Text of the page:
Now, it’s true that in the early days, email clients and servers alike were more likely to support POP than IMAP (and even today, IMAP support isn’t universal). So, many of us who have been using the Internet for a long time became accustomed to POP — and a surprising number of people still use POP, often out of habit more than necessity. (I’ll return later to whether that’s a good idea.) But IMAP has been a viable option for decades.
Are You Being Served? -- The usual way people explain the difference between POP and IMAP is to say that with POP, all messages are downloaded from the server to your email client, whereas with IMAP, messages are stored on the server. That’s sort of true-ish, but it’s unfairly misleading in both cases. With POP, you can leave messages on the server if you want to, and with IMAP, you can download all your messages and store them locally. The simplified “IMAP-means-stored-on-the-server” explanation has led countless people to assume that you can use IMAP only when you have an active Internet connection. But that isn’t the case. For as long as I’ve been using IMAP, I’ve maintained local copies of every single message in my accounts, and have never had trouble reading, searching, filing, or otherwise managing my messages when offline.
The best way to think about IMAP is that the server holds the master copy of every message. Whenever an IMAP client connects to the server, it can synchronize changes bidirectionally — for example, new messages in the Inbox download to the client; changes made in the client while it was offline upload to the server, updating the master records. But the exact behavior is determined by the design of the client and settings chosen by each user. By default, Apple Mail (like most other modern email clients) keeps all your messages in sync between client and server. But if you prefer, you can configure your client not to cache messages for offline viewing, to cache only some messages, or to cache the text of messages but not any attachments.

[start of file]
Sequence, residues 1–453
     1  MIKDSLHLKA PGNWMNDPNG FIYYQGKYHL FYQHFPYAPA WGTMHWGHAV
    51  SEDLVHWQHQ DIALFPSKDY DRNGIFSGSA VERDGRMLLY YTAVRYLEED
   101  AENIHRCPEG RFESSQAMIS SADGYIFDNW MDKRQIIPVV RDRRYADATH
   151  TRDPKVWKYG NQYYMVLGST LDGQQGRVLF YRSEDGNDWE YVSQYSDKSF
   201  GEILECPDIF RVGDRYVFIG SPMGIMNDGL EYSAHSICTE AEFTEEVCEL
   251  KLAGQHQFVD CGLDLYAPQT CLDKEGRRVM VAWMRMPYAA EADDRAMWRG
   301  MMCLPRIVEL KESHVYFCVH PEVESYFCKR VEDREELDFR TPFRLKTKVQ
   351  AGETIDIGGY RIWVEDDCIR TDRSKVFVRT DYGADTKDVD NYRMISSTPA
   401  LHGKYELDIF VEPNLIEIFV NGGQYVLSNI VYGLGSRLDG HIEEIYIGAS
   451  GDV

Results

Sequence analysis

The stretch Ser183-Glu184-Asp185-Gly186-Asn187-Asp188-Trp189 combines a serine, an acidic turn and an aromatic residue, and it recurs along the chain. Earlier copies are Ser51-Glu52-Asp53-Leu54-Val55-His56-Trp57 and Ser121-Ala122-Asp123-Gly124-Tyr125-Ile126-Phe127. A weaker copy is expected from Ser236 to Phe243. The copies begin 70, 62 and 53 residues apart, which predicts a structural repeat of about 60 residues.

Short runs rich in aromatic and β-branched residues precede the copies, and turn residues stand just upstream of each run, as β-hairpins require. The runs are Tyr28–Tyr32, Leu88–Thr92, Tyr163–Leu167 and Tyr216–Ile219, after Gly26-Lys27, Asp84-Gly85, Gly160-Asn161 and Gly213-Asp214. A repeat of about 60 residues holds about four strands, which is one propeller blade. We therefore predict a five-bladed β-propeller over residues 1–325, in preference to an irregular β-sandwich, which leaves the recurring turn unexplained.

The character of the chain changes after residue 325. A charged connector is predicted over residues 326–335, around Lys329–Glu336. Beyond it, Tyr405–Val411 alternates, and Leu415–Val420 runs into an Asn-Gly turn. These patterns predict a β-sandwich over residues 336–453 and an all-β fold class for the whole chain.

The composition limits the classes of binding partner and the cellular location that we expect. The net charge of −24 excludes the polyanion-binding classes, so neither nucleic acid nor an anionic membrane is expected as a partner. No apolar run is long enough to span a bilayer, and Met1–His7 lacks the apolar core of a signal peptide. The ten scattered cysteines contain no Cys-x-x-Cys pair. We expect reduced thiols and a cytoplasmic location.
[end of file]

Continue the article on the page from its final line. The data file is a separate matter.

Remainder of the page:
I should add that even though the server stores all your email messages, this in no way prevents you from deleting messages. Although, again, the exact behavior varies according to your client and your settings, when you delete a message locally, your client normally tells the server to delete its copy too.